SOCOM: U.S. Navy SEALs Fireteam Bravo 3 PSP
Published by: Sony Computer Entertainment Europe
Developed by: Slant Six Games
The SOCOM series has had something of a chequered history. The series began life on the PlayStation 2 in a rather dramatic fashion with two games that proved to be very popular as a multiplayer experience. By the third title in the series it was evident that not many improvements were being made and the fourth title, Combined Assault, felt more like a stand-alone expansion than a sequel. The two previous PSP versions that we’ve looked at, Fireteam Bravo 2 and Tactical Strike, were certainly enjoyable but the first game to arrive on the PlayStation 3, SOCOM: Confrontation was certainly a low point for the series. Needless to say then, that I didn’t know what to expect this time around. However, thankfully SOCOM Fireteam Bravo 3 is quite enjoyable.
Fireteam Bravo 3 puts you in the shoes of Able Wraith who has assembled a four-man squad and been charged with going undercover in the fictional state of Koratvia. No one who has been sent on previous missions to the state has returned and you can’t rely on any support whilst you’re in Koratvia so it’s essential that you and your squad work well together to tackle the many enemies that you’ll encounter during the course of the game’s single-player campaign. The quality of the campaign’s storyline leaves something to be desired by with any shooter the focus is on the action and the quality of the missions on offer is on a par with those found in previous PSP SOCOM titles.
Whilst the campaign is mostly enjoyable, some aspects could have been better but not all of the problems are to do with the game itself. Whilst there is a decent range of weapons on offer, they don’t feel sufficiently different from each other and that reduces the appeal of having different weapons to use. The enemy AI is lacklustre and won’t pose much of a problem as long as you utilise cover effectively. The game’s auto-aim system is simply too good. Whilst I’m all for a little auto aim in any console or handheld console shooter, when you’re virtually guaranteed to be 100% accurate without having to do anything it takes away any feeling of being challenged. Of course the real problem here is that it’s just awkward to create a shooter for a device that only has one analogue stick. Unless you can make use of a touch screen to compensate for not having a way of moving and aiming in a natural fashion you end up with a compromised control scheme with a reliance on over the top auto-aiming and that’s exactly what we have here.
In addition to the single-player campaign mode, you can take part in custom missions. Essentially you can customise the missions you’ve completed in the campaign and set them up to suit yourself. This is a welcome feature and adds replay value to the game. You also have the ability to play through the campaign with three others or play in custom missions. Multiplayer is arguably the highlight of the game and the campaign is definitely better when you’re accompanied by other players rather than AI comrades. In addition to the co-op play, there is also an assortment of variants on common multiplayer game modes such as Team Deathmatch and Capture the Flag. Both Infrastructure and Ad Hoc play is supported in all multiplayer modes.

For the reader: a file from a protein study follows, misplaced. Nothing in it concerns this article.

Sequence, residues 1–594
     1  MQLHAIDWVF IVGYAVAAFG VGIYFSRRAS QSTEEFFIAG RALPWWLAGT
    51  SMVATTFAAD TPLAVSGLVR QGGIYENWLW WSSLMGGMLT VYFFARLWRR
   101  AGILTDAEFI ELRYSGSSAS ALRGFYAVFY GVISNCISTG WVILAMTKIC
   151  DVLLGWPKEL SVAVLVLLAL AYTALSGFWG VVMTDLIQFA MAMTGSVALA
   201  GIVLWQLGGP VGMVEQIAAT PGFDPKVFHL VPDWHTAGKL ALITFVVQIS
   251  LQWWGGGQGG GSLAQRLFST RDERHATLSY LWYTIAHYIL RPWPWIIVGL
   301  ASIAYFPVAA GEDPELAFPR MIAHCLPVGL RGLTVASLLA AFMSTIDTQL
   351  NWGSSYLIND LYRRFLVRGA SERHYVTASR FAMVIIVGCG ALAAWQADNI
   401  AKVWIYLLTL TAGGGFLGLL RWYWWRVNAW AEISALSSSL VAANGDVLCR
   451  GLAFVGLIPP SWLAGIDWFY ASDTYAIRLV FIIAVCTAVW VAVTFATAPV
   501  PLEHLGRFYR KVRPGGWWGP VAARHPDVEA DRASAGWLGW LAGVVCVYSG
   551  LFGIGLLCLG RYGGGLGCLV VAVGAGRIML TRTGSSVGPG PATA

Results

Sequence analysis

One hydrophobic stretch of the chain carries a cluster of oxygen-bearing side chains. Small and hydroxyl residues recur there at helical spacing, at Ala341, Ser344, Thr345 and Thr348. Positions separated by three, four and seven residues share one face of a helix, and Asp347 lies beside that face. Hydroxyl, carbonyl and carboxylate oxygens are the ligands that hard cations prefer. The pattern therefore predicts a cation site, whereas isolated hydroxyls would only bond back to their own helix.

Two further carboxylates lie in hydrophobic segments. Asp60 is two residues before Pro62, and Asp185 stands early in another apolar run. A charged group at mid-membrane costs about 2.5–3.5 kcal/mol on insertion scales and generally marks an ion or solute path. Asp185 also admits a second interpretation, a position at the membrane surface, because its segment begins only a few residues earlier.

Visually, Fireteam Bravo 3 is OK. The character models look decent and the quality of the animations are about what you would expect from a PSP game. The textures are a little bland however but if this is the sacrifice that has been made to keep the frame rate smooth, which it certainly is, then it’s certainly not something to complain about. Load times are a little on the long side (playing the game with an original PSP console, so if you have a later version you’ll probably experience better load times) but they certainly aren’t as irritating as in some PSP games. The quality of the game’s cut scenes on the whole is good and they are actually fairly interesting to watch.
Fireteam Bravo 3 is mostly OK for deaf gamers. The game’s cut scenes are subtitled meaning you’ll be able to follow the storyline in between missions. Mission briefings, or Field Notes as they are called here, are subtitled. Tutorial messages are all in text allowing you to get to grips with the game in only a few minutes. You can recall your objectives at any time with the Select button. There is also a mission log which gives you a text recap of your objectives. You’re notified in text when new objectives have been acquired and also when they have been completed. A grenade icon appears when a grenade has been thrown in your vicinity giving you time to take evasive action. The one disappointment is that communications received from your squad members during a mission are not subtitled. This is unfortunate as they warn you when enemies are sighted and let you know when they are in position after carrying out your orders. These omissions don’t represent any major obstacles for deaf gamers but they are disappointing nevertheless.
SOCOM: US Navy SEALs Fireteam Bravo 3 is another fine PSP addition to the series which will certainly please those who have enjoyed the previous PSP SOCOM titles. The game’s campaign is decent and the ability to customise the campaign missions and play them how you want to is a nice touch. Those who like to dabble in multiplayer shooters are going to get the most from the game however and it’s great to be able to play through the campaign with three others or take part in competitive game modes. The game has its share of problems but for the most part, Fireteam Bravo 3 is a fairly enjoyable PSP shooter.